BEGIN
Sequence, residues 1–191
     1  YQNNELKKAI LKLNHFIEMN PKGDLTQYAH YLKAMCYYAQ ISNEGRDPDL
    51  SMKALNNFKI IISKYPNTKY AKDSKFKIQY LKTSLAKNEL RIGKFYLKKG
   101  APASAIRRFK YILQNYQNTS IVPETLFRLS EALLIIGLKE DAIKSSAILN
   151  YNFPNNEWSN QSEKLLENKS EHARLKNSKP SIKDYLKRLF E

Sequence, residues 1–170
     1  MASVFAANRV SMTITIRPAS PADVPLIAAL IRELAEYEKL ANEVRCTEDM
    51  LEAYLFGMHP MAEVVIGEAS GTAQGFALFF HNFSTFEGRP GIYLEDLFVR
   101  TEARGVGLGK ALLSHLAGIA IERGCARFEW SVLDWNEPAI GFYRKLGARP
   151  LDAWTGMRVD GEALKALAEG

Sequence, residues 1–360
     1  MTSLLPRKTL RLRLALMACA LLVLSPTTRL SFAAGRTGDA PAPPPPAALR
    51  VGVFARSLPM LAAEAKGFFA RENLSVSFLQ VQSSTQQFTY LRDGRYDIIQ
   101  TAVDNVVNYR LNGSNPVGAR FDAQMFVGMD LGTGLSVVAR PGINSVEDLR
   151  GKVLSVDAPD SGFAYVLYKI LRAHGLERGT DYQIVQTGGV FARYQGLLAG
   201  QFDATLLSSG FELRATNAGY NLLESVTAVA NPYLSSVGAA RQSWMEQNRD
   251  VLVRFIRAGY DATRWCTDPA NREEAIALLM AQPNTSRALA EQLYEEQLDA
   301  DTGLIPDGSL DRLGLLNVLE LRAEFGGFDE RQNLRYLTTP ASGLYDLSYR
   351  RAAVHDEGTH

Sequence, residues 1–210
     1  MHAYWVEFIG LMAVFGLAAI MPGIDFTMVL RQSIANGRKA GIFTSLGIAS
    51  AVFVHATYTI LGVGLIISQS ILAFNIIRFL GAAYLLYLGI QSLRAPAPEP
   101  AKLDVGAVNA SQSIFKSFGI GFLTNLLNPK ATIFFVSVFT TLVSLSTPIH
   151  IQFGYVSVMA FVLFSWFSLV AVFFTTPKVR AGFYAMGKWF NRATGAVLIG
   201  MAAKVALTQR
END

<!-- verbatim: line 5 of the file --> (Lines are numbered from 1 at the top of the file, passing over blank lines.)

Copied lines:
   151  YNFPNNEWSN QSEKLLENKS EHARLKNSKP SIKDYLKRLF E